This is one of those movies constructed in a way I most loathethe characters talk their way through an unpleasant story that bores me to death, and unsympathetic characters (Ann Southern doesn't get along with a child; how unsympathetic can you get????). In amongst all this are three highly-talented comedians, and a bunch of speciality song-and-dance numbers.
I hate specialty numbers. I don't want to see the Berry Brothers jump from a 20-foot high mezzanine into split position during a gratuitous dance. It would be so much better if they did these acrobatics as part of a story, like Buster Keaton or Harold Lloyd. But... no. I also hate being dragged away from the only real reason I am watching a movieto see my favorite comedians. I hated it when Hal Roach did this to Laurel & Hardy and I hate it in this movie.
But one sceneONE number is the sole reason to keep this DVD. About 31 minutes in, Red, Rags and Ben do a characterful little dance. Now I've been searching to find out if Red Skelton could really dancehe said once that he could dance, but I've never seen him do a good number in his TV shows nor in all the movies I've seen so far; and I've wanted to see Ben Blue do a nice numberbecause I wondered how someone so contrived could have been a successful performer (and it was obvious that he was a great dancer).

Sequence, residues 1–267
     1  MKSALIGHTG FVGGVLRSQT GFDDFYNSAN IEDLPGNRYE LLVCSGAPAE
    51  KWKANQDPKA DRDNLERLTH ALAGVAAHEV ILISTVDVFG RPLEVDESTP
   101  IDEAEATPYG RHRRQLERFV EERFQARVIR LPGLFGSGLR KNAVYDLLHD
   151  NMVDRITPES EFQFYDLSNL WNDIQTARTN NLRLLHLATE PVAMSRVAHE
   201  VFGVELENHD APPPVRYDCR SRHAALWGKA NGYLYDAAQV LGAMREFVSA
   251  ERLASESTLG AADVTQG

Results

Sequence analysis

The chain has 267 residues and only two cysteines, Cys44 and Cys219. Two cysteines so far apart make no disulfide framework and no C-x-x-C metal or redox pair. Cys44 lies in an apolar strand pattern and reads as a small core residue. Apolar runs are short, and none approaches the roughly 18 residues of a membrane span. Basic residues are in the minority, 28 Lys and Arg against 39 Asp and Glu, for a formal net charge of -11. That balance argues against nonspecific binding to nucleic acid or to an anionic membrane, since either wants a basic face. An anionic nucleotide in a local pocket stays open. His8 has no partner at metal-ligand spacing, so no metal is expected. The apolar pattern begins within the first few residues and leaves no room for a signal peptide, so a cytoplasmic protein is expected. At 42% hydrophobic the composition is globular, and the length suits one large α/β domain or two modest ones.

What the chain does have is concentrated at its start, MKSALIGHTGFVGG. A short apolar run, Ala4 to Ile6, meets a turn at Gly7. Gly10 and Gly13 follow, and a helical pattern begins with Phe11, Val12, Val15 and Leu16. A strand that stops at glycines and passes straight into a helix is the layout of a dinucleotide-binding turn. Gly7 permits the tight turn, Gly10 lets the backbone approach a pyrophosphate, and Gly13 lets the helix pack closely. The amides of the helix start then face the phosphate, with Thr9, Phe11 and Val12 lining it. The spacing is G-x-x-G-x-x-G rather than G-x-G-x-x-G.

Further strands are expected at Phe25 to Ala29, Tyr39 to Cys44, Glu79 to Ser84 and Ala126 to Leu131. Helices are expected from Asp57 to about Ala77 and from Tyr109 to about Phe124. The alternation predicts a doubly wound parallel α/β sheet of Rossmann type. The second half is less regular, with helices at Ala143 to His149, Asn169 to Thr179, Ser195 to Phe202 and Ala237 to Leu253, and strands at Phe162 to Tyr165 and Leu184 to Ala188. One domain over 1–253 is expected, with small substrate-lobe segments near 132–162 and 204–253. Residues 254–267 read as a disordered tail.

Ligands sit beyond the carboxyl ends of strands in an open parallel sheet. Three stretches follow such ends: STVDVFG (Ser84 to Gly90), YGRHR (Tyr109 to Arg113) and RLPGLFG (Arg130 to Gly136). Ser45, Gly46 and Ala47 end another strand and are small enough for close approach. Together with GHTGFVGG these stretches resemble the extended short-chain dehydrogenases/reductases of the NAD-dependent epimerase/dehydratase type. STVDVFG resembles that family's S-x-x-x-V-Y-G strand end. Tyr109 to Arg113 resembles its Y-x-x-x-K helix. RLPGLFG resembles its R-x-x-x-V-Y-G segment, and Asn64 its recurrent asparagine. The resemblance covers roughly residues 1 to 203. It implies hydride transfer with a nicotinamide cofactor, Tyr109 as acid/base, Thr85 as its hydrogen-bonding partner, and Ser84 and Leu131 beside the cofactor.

Well, here it is, for a very, very, MUCH TOO SHORT moment or two, the comedians get to do some real dancing. This is dancing with technique, but also infused with great personality and THAT is the dancing I like to see!
For the rest of the movie... meh. I don't see why people like Ann Southernshe has a voice like a kazoo and she doesn't do much with her dancing. Her character is unlikeable, she's not funny, and I do not find her attractive. She is very irritating. I also find Virginia O'Brien extremely boring. The comedy trio is good when they dance, but the rest of time...